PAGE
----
The Roman Empire
Two thousand years ago while the Celts were still living in tribes the Romans were the most powerful people in the world. Roman society differed greatly from that of the Celts. It was a slave society divided into antagonistic classes. The main classes were the slaves and the slave-owners. The slave-owners made up the minority of the population but they owned the land, tools, buildings and slaves. The slaves possessed neither land nor tools and were themselves the property of the slave-owners. The slaves could be brought and sold, exchanged or given away like any other thing. They could be kept in chains, whipped and put to death.
Slavery was the first and the most inhuman form of exploitation. The slave owners appropriated almost all the results of the slaves’ labour; the slaves were given some food and clothing so that they would not die of starvation and cold. Thus, whatever was produced by the slaves beyond what they needed to keep themselves alive was taken away by their masters. Therefore the slaves were not interested in the results of their labour.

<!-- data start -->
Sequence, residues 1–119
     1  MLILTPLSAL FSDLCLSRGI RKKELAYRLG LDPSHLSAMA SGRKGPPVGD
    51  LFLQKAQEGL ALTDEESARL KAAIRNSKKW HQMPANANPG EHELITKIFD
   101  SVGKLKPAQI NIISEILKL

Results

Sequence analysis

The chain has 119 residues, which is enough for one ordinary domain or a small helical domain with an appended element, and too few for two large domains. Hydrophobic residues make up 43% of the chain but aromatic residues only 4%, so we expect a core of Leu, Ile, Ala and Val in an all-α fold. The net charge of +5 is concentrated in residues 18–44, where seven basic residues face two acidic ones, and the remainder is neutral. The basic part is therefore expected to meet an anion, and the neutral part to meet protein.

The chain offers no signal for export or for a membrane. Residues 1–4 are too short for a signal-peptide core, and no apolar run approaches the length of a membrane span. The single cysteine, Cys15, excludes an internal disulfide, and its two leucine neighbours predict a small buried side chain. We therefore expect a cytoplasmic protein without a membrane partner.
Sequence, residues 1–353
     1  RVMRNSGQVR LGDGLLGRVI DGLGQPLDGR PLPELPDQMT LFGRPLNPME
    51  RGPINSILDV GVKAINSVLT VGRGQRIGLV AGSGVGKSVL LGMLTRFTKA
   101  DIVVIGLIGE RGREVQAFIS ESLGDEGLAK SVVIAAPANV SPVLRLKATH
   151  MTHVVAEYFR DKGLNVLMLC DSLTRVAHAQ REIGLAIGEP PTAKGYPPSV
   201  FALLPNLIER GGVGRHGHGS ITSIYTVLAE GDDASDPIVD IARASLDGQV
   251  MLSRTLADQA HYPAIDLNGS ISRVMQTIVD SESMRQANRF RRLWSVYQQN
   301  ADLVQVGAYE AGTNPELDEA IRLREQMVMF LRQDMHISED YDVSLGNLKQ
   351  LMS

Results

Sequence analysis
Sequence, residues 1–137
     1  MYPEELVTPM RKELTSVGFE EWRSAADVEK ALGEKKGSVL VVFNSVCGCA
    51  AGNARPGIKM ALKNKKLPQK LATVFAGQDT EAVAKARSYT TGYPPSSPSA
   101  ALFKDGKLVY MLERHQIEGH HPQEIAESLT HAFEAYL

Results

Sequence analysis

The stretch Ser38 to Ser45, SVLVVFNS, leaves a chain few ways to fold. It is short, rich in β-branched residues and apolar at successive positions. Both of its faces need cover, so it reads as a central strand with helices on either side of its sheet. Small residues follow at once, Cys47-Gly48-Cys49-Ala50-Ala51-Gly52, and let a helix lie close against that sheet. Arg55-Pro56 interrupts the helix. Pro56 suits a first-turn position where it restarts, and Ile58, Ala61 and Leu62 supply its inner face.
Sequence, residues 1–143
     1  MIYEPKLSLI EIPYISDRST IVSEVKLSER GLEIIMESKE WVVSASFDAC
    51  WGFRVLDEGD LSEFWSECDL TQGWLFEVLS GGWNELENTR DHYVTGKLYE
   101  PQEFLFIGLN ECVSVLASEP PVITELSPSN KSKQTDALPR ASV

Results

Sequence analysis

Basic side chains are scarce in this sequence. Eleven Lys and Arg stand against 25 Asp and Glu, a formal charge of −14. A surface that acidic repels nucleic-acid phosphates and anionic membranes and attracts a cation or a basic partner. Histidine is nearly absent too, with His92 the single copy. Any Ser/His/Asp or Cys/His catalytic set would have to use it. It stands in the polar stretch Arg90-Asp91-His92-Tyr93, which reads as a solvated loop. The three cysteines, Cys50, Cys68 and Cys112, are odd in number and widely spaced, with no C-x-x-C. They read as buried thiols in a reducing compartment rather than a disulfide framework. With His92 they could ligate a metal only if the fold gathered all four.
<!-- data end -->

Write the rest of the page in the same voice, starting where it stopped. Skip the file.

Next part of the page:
Overseers forced the slaves to work more. The disobedient slaves were severely punished. Government bodies issued acts beneficial to the exploiters. With the help of the army the slave-owners put down the uprising of the exploited. The army also helped the slave-owners to protect their riches against foreign enemies and to wage endless wars in order to conquer new lands and to seize more slaves.
The Romans conquered all the countries around the Mediterranean Sea. In the wars, in which Rome gained one province after another for the empire, many thousands of prisoners were taken. They were sold at the slave-market at Rome. Slaves were so cheap that all the Romans except the poorest had one or more, and rich slave-owners possessed hundreds of them.
In the 1 st century BC and in the 1 st century AD slavery spread widely in the Roman Empire. Unlike the Ancient East and Greece where the land was cultivated chiefly by peasants, in Rome, very many slaves were engaged in agriculture; large farms in Italy were worked entirely by gangs of slaves. The slave system reached its peak in the Roman Empire. No other country in the ancient world had so many slaves as Rome did. In no other country did slave labour replace that of the freemen on such a large scale.
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